266967 Tackling hospital-acquired infections with systems-based highly-detailed simulations

Monday, October 29, 2012

Jose Jimenez, MS, MEM, PhD/MPH Candidate , Virginia Bioinformatics Institute at Virginia Tech, Network Dynamics and Simulation Science Laboratory (NDSSL), Blacksburg, VA
Bryan Lewis, MPH, PhD , Social and Decision Informatics Laboratory, Virginia Bioinformatics Institute at Virginia Tech, Arlington, VA
Brian Kleiner, PhD, MS , Virginia Tech, Grado Department of Industrial and Systems Engineering, Blacksburg, VA
Stephen Eubank, PhD , Network Dynamics and Simulation Science Laboratory, Virginia Bioinformatics Institute at Virginia Tech, Blacksburg, VA
Background: Hospital acquired infections (HAIs) are a significant problem in healthcare systems around the world. In the United States, it is estimated that up to 1 in 20 hospitalized patients become infected with an HAI. HAIs increase morbidity and mortality, lead to drug-resistant infections, and increase the cost of healthcare. Objective/Purpose: To identify the risk factors for HAI and provide evidence-based best practices for hospitals. Methods: Patient information regarding activities, location, and human contacts was gathered through electronic records from two Virginia hospitals. Additionally, field studies included direct observation of over 25 healthcare disciplines inside the hospitals to develop accurate schedules of healthcare workers. The study utilized both sources of data to determine possible contacts between patients and healthcare workers. The study follows the framework of Macroergonomics, a model which analyses the relationships between work systems inside an organization and develops holistic interventions. The patients, hospital workers, locations, and objects inside the hospital are represented in a highly-resolved computer model (EpiSimdemics) which simulates the virtual spread of pathogens. Simulations are performed to estimate the reduction of HAI transmission for several systemic interventions. Results: The development of holistic interventions that take into consideration different work systems inside a hospital can better focus infection control resources and policies. Complex experiments at the hospital level that include patients, hospital workers, hospital infrastructure, and a specific pathogen are expensive and challenging to conduct. The use of highly-resolved simulation offers a novel and unique technique that can assess a wide range of interventions and provide guidance to infection control policies.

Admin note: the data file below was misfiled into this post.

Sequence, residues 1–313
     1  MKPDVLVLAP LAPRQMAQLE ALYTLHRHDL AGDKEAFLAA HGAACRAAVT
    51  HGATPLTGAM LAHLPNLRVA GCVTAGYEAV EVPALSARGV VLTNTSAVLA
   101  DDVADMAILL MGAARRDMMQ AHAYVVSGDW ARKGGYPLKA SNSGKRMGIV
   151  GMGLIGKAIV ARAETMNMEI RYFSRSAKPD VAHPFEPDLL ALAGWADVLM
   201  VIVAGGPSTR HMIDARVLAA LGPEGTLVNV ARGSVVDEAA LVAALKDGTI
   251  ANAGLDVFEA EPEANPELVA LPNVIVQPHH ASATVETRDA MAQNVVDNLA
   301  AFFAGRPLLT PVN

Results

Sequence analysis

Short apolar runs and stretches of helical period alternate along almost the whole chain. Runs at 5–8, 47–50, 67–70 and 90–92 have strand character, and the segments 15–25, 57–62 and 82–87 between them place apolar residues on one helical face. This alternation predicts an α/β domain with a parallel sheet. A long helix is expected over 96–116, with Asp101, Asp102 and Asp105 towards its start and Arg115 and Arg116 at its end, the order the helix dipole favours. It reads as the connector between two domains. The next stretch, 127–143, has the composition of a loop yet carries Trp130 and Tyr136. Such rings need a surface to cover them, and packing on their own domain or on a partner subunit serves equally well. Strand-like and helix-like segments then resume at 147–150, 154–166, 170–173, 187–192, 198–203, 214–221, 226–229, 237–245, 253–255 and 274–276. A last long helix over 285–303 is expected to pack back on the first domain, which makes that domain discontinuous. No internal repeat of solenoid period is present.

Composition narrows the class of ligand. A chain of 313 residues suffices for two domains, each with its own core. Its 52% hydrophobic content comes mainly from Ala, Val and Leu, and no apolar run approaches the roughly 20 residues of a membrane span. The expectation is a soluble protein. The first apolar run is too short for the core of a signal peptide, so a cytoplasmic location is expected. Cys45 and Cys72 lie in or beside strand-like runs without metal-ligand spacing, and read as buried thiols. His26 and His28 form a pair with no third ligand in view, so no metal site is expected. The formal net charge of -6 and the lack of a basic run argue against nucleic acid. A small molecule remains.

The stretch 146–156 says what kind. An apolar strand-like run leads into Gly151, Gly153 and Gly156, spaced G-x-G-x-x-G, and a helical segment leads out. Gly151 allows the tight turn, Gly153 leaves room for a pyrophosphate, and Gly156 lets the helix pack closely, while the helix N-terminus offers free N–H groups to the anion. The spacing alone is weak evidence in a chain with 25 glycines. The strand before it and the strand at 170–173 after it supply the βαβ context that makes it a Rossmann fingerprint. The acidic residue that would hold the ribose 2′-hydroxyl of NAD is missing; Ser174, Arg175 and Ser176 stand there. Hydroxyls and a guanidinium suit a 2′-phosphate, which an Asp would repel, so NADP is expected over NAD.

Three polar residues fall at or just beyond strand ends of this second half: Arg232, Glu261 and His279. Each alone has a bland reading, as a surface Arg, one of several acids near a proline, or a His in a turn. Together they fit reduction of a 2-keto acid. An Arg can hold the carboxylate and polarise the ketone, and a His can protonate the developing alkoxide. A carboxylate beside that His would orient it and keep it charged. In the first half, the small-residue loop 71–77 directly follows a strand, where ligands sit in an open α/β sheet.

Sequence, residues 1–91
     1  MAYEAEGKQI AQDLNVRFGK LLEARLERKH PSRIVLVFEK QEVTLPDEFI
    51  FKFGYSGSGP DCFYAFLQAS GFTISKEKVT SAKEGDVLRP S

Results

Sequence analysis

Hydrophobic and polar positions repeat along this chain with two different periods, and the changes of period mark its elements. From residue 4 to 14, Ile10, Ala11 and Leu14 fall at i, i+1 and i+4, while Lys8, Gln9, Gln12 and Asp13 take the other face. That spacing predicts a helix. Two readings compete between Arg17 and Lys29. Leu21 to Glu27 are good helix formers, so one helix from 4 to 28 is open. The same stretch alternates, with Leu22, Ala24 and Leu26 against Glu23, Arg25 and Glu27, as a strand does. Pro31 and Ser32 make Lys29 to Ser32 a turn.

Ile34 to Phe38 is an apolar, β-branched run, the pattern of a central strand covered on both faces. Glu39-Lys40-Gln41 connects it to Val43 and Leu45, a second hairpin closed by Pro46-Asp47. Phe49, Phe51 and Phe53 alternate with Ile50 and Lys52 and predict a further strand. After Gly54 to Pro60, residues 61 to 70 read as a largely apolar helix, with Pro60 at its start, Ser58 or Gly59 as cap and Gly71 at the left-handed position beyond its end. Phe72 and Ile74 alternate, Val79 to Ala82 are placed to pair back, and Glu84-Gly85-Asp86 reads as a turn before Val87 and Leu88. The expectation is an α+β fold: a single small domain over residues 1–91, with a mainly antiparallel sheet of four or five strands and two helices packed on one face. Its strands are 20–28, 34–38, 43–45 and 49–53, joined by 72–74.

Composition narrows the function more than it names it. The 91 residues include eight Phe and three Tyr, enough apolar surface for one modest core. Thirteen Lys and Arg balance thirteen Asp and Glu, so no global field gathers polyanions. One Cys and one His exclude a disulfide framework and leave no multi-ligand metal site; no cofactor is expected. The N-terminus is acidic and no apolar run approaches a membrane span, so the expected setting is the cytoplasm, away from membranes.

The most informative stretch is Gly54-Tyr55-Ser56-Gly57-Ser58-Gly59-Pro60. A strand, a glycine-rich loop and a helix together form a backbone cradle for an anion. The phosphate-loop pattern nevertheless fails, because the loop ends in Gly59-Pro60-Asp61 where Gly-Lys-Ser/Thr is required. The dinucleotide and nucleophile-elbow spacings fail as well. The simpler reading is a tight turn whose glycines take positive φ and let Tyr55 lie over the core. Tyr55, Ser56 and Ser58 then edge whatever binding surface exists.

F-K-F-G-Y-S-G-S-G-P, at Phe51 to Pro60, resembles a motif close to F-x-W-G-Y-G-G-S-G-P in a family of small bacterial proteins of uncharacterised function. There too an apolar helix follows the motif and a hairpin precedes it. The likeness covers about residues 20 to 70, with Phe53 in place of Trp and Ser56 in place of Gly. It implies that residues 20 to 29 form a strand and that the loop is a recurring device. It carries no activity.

Learning Areas:
Protection of the public in relation to communicable diseases including prevention or control
Public health or related organizational policy, standards, or other guidelines
Systems thinking models (conceptual and theoretical models), applications related to public health

Learning Objectives:
1. Describe the environmental factors that lead to hospital-acquired infections. 2. Formulate a systems-based intervention for hospital-acquired infections. 3. Describe how the utilization of simulation can help direct hospital resources more efficiently.

Keywords: Infectious Diseases, Health Care

Presenting author's disclosure statement:

Qualified on the content I am responsible for because: I am a PhD/Master of Public Health candidate researching hospital-acquired infections and highly resolved simulation. I am also a Medical Service Corps officer in the Army Reserve. My research interests include healthcare epidemiology, highly-resolved simulation, and human factors.
Any relevant financial relationships? No

I agree to comply with the American Public Health Association Conflict of Interest and Commercial Support Guidelines, and to disclose to the participants any off-label or experimental uses of a commercial product or service discussed in my presentation.